Peptides are strings of amino acids that your body produces according to Peptide Sciences. In layman’s terms, peptides are the beginnings of proteins. When you bring many peptides together, they make some of the more complex proteins in the body. Peptides, though, contain fewer amino acids and are therefore typically smaller than proteins found in nature.

Recently, peptides have gotten a lot of attention in the health wellness community. There are a lot of ongoing studies into some of the potential health benefits of peptides. People are using peptides for a wide range of conditions. Anti-inflammatory treatments, anti-aging methods, and muscle-building experts are all using peptides.

If you’re thinking of using peptides for skin health, their anti-aging properties, or attempting to do things like improving cognitive performance, we’ve put together some helpful information on peptides and what you should know.

The Peptide Basics

Amino acids are the building blocks of proteins. If you walk into a health store that sells supplements, you’ll see a lot of advertisements touting how many grams of amino acids their powder or pills contain. That’s because the thinking goes that if you consume more amino acids, your body can make more protein as a result.

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One of the main issues with taking protein supplements is the amount of the proteins, or whatever else you’re taking, that gets absorbed into your body. Generally, a low percentage of whatever supplements you take has an effect. That’s why people have to eat so much of it in shakes or with their morning pill regimen to get the results they want.

Peptides, however, are more easily absorbed because they’re smaller than proteins. They typically are made of anywhere between two and fifty amino acids. The word “peptide” comes from the Greek word that means “to digest”. Because they are an essential part of the human and many animals’ bodies, they absorb well and take effect quickly.

Why People Take Peptides?

Researchers and consumers are particularly interested in bioactive peptides because of their health benefits. Research indicates that peptides can perform the same functions as antioxidants, boost immune system function, eliminate inflammation, improve blood pressure, and more.

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Many people take peptides because they can act as an anti-aging agent. Collagen peptides are easily absorbed into the body and help reduce wrinkles and age spots on the skin. Collagen peptide products are widely available in stores and online. Some tests were done in animal models that taking certain peptides can alter skin pigment, possibly making it a tanning alternative that isn’t as damaging to the skin as some other tanning methods.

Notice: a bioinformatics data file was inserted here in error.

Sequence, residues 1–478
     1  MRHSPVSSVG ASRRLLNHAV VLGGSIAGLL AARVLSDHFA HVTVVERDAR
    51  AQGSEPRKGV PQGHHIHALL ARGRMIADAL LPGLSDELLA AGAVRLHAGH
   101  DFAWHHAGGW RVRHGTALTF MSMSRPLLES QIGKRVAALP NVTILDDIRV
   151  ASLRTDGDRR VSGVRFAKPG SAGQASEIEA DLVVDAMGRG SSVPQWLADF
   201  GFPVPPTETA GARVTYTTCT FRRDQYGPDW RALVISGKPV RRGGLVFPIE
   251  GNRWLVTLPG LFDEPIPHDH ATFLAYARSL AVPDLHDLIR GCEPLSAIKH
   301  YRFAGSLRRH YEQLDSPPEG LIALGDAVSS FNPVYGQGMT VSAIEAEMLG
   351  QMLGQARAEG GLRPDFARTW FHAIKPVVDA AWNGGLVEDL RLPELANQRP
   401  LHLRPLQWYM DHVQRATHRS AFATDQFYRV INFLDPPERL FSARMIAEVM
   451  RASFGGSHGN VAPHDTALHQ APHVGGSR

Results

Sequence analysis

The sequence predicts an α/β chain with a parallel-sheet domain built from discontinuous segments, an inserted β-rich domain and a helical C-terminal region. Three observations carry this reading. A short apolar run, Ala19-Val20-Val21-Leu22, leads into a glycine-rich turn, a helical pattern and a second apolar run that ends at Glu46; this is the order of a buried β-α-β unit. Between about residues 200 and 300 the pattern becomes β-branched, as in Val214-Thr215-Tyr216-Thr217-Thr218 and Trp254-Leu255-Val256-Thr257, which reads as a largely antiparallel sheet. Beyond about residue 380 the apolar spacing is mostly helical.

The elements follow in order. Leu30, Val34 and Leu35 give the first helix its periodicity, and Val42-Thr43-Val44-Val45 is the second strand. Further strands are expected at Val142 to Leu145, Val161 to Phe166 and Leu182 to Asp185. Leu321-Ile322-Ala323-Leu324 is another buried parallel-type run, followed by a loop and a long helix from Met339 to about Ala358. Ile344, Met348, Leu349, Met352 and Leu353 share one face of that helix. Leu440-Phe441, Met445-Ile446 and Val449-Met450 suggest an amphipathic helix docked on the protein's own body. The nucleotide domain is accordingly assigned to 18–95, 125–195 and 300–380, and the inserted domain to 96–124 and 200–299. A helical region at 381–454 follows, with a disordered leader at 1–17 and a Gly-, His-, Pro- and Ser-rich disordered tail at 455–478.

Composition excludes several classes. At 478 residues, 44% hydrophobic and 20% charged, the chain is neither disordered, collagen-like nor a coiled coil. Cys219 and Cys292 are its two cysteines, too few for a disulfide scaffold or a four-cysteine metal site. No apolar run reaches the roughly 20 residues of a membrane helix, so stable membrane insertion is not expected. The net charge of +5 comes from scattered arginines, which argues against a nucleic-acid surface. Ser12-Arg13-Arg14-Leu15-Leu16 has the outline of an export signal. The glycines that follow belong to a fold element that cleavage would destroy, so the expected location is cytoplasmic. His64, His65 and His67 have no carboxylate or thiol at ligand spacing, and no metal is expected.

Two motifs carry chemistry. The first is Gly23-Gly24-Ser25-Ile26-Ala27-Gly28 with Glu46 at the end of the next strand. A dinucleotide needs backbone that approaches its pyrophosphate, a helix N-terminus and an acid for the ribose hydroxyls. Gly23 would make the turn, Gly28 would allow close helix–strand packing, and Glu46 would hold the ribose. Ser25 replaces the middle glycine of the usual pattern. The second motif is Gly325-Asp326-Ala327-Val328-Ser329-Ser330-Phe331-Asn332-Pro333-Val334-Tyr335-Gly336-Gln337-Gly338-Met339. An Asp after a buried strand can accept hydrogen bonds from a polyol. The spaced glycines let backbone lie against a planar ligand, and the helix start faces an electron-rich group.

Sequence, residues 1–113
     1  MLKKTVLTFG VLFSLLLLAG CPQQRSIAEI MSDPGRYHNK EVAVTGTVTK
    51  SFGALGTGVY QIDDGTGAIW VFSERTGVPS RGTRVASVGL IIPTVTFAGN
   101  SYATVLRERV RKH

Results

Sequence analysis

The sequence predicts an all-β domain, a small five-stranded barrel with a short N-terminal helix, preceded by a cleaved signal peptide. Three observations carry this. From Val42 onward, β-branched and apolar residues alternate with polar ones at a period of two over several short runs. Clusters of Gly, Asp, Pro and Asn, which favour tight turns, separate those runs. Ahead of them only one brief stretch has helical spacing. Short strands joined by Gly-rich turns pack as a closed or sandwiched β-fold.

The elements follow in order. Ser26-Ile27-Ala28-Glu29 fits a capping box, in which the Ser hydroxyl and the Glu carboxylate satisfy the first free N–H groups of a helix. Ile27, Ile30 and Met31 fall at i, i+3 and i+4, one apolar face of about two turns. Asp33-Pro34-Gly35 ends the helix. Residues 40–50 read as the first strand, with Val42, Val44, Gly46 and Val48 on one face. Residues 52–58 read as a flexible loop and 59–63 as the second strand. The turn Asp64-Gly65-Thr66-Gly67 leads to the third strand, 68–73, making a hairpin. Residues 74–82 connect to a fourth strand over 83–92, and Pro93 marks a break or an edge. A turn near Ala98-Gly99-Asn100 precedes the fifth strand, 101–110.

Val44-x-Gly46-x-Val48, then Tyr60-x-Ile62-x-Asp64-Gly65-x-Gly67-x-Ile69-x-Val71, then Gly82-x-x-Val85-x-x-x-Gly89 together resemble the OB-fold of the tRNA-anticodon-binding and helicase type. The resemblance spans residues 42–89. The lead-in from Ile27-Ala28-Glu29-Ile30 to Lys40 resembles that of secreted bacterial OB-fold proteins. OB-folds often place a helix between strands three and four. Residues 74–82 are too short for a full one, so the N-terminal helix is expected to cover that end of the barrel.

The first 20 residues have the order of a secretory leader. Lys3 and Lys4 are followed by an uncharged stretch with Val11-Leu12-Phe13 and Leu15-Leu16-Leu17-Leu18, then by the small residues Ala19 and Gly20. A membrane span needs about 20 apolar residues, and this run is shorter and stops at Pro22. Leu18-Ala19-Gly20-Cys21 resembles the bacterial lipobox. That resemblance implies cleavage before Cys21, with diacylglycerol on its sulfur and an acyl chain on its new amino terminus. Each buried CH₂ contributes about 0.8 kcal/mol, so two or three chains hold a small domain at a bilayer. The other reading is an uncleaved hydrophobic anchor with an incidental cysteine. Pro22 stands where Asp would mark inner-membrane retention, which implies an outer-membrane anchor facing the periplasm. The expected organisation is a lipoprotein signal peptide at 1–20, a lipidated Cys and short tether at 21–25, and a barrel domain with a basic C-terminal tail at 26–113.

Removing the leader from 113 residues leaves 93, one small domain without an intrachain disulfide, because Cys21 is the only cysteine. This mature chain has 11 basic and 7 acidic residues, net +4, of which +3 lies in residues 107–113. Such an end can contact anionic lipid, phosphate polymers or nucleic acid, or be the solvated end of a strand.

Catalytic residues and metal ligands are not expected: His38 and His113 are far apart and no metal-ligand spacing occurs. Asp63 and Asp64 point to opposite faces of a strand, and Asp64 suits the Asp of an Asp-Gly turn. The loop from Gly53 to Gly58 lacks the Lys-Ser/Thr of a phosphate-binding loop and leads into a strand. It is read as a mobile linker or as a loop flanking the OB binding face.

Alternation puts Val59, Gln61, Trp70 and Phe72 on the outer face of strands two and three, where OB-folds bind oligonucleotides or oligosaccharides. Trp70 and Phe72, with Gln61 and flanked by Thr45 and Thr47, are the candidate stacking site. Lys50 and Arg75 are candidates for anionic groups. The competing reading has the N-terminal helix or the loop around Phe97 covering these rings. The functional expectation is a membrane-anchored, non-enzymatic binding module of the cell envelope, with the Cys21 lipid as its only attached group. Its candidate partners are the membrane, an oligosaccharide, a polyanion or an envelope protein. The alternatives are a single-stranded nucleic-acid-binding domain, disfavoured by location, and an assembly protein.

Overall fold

Some of the Other Potential Benefits of Peptides

Prevent bone loss

In rat models, collagen peptides increased bone mass. When those rats were exercised, the results were even more impressive. The results indicate that peptides can reverse age-related bone loss that plagues so many people, mostly women.

Weight loss

Some peptides show that they could offer help for people trying to lose weight. By taking peptides tied to satiety, effects are similar to the leptin hormone that makes you feel satisfied after you eat. Rodents who took peptides ate less and avoided fatty foods.

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Improve Memory

Other peptides point to benefits around cognitive function. Test rats had better memories and accomplished tasks faster than control rats.

These are just some of the potential benefits of peptides. They’re found in creams, lotions, supplements, and other products.

Treating Disease with Peptides

Doctors and pharma companies also use peptides to treat a range of diseases. Currently, there are hundreds of drugs made with peptides available to patients. They help treat diabetes, high blood pressure, and multiple sclerosis.

Natural vs. Synthetic Peptides

Peptides are found naturally and they’re made synthetically in labs. Some peptides are made inside of the body, and some must be taken exogenously (from out of the body). As the peptide industry develops, researchers are finding more and more ways to make more peptides with a spectrum of health benefits.

Right now, many peptide products are making their way through the regulatory and safety process, and there is a lot of excitement around greater availability in the future. 

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